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When someone asks you how old you are, you answer them in years. But, what about when someone asks you how old your baby is? Some people answer in weeks and others answer in months.
So, what is the right answer? We’re going to take a look at why months and weeks are not the same and what you need to know how to calculate a baby’s age correctly.
Why aren’t months and weeks equal when talking about a baby’s age?
We all know that there are seven days in one week. So that would mean that four weeks equals 28 days. But, that’s not the same amount of days a month has unless you’re talking about February which is the only month that has 28 days.
We all know most months have either 30 or 31 days. So if you talk about your baby’s age in months, it’s more than four weeks. This is why you can’t just go by months when you want to calculate a baby’s age from birth.
How do weeks and months relate when you want to calculate a baby’s age from birth?
The next time someone asks your baby’s age from birth, consider these comparisons.
4 weeks = almost one month minus a few days, depending on what month your child was born in
8 weeks = almost close to two months old
12 weeks = one week shy of 3 months
13 weeks = 3 months old
16 weeks = almost 3 months (a week and a half shy)
20 weeks = about 2 weeks shy of 5 months old
22 weeks = 5 months old
24 weeks = 2-2.5 weeks shy of 6 months old
26 weeks = 6 months old
When you look at these comparisons, you can see that giving your baby’s age by weeks and months is different.
You can count how many weeks old your baby is by simply starting the day they were born. Then if you want to convert this into months you can.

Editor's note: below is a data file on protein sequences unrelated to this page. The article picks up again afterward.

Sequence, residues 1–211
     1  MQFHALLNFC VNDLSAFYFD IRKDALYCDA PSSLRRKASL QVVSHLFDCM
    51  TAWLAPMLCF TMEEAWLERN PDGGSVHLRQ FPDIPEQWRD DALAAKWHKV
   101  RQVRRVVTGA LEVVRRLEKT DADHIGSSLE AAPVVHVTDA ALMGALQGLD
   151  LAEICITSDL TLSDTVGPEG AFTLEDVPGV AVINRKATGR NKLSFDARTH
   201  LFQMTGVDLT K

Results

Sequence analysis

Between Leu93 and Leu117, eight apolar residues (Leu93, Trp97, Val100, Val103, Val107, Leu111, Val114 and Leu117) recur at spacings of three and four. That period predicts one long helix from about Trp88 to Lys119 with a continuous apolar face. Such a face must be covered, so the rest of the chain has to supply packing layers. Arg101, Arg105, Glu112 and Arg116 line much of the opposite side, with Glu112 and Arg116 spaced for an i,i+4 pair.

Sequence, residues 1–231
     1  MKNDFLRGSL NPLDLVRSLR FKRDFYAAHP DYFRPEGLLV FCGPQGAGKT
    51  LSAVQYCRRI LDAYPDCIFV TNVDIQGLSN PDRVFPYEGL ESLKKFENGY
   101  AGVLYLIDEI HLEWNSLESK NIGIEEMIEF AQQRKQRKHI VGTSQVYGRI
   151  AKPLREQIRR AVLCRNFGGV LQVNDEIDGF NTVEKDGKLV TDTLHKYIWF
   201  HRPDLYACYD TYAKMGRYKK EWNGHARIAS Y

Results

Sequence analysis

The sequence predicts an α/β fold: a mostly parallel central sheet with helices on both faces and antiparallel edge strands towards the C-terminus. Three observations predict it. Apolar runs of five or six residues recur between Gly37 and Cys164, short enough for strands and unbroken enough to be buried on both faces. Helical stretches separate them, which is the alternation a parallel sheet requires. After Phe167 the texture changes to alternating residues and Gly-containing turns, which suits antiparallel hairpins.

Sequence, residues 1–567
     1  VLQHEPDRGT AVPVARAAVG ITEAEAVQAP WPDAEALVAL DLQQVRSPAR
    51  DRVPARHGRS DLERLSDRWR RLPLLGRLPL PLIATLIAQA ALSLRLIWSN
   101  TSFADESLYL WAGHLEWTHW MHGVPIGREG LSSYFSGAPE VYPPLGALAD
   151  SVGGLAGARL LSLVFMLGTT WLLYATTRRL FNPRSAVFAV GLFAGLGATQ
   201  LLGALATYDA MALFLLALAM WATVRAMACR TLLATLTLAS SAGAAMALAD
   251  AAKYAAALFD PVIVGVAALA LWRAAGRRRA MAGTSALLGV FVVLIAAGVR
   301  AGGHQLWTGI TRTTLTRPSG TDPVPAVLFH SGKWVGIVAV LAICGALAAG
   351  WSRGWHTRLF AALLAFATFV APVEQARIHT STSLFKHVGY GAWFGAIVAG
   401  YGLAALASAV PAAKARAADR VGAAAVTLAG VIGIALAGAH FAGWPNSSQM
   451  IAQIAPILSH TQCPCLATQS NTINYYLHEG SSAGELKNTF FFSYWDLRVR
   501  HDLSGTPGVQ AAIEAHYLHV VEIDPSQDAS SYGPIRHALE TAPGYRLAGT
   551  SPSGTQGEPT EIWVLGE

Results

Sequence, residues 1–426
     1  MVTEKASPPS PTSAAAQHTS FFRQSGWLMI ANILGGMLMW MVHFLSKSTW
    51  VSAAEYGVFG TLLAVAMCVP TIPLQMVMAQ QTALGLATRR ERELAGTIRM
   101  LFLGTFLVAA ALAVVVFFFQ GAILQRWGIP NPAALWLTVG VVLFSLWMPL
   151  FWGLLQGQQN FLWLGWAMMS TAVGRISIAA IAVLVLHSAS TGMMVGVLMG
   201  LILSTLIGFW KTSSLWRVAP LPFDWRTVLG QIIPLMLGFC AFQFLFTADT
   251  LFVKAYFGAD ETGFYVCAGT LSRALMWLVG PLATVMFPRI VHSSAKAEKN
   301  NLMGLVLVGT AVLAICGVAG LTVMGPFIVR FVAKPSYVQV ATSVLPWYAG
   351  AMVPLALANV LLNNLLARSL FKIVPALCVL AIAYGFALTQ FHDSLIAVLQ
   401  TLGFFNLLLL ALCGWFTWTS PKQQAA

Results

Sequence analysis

You want to make sure you’re accurate because many milestones correspond with the number of months or weeks your baby is. You want to be sure that you’re comparing your baby’s development with the appropriate age.
Do I tell people my baby’s age in months or weeks?
When your baby is less than one month old, you’re obviously going to tell your baby’s age in weeks. As your baby gets older, you may want to transition into months.
For example, when your baby is 5 months old, it may be easier to say that than to convert into weeks.
Some parents keep their baby’s age description to weeks until they are one year old. It really is a matter of preference. Many parents then tell their baby’s age in months until they reach the two-year mark.
That’s when they switch to telling their baby’s age in years. You have to decide which way is easier for you and which one makes it easier for you to keep track of your baby’s correct age.
Developmentally, a week can make a big difference for a child. Your doctor will be keeping track by weeks and can always have an accurate count if you get confused at some point.